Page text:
Tax Court of Canada


University not liable to collect and remit GST on parking fines

Appeal by university from reassessment by Minister under Excise Tax Act (Can.), for period from April 1, 2003 to May 31, 2005. University had four types of parking spaces. Permit lots and visitor lots were identified with signs and visitor lots had more information indicating that vehicles not displaying valid receipts were subject to ticketing and impoundment. University hired people to patrol and enforce parking regulations and issue ticket to be left on car for infractions. On reverse of ticket it was written that traffic offence notice (TON) was issued under authority of s. 27 of University Act (B.C.). Appeal allowed. Reassessment was referred back to Minister for reconsideration and reassessment on basis that university was not liable to collect and remit GST on parking fines. By driver’s conduct in taking parking space, knowing that there was requirement of permit of TVM ticket to prove payment and leaving without having complied, now with TON indicating that driver owed university $30, non-paying driver had, in accordance with reasoning of Federal Court of Appeal in 2000 judgment, struck deal with university. Contractual terms of contract between non-paying driver and university did not provide for consideration for parking spot but agreement by non-paying driver to run risk of having to pay fine. There was no intention to breach agreement to pay for taxable supply of parking. University had statutory authority to invoke fine for traffic offence and this is what it did. Fines were imposed because non-paying drivers were effectively stealing. Notwithstanding there may have been contract, in these circumstances GST was not exigible on fine.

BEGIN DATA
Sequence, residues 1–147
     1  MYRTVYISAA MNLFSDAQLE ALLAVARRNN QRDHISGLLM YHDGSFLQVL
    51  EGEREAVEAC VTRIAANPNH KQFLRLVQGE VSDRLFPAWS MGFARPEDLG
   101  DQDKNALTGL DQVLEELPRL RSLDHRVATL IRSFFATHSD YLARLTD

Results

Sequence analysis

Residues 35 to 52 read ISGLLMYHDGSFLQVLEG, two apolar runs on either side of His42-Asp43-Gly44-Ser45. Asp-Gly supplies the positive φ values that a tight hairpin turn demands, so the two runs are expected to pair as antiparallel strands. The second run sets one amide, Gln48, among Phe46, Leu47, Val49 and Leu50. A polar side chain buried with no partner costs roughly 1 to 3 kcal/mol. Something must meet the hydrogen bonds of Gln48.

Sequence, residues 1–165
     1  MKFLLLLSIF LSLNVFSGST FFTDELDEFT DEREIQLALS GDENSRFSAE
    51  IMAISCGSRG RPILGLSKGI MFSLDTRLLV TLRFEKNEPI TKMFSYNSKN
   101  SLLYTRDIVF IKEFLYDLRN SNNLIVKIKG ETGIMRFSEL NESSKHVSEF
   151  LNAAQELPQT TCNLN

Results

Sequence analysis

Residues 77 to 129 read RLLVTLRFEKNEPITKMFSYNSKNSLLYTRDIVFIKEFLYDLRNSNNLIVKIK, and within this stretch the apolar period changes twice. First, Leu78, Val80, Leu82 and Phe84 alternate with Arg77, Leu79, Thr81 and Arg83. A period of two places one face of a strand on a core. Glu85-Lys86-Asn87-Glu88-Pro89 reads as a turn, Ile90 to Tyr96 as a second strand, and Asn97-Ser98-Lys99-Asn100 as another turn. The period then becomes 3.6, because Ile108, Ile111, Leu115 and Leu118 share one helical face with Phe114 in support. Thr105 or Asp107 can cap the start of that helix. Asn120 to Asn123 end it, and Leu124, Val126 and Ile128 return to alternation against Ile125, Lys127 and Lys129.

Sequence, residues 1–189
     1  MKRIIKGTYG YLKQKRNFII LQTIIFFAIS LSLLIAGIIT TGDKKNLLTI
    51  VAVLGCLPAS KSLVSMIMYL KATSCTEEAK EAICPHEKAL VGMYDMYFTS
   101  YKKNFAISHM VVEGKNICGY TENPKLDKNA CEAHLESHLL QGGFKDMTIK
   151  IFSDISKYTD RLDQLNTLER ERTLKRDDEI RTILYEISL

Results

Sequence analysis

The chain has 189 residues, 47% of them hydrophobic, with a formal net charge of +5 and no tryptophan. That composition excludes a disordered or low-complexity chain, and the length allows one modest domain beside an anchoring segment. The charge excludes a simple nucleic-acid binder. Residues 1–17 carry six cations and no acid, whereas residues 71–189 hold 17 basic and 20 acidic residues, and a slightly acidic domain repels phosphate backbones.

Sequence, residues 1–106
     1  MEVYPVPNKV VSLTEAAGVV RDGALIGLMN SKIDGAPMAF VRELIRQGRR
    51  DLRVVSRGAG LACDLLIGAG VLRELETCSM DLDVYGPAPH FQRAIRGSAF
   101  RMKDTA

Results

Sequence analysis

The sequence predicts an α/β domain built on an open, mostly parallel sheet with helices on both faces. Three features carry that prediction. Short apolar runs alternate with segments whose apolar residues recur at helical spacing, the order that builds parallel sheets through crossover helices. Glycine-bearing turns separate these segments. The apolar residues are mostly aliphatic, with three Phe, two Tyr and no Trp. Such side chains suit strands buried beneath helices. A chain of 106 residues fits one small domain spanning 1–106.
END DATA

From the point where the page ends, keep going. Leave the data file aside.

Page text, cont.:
Simon Fraser University v. R. (Apr. 22, 2013, T.C.C. [Informal Procedure], Campbell J. Miller J., File No. 2012-1698(GST)I) 227 A.C.W.S. (3d) 1201.

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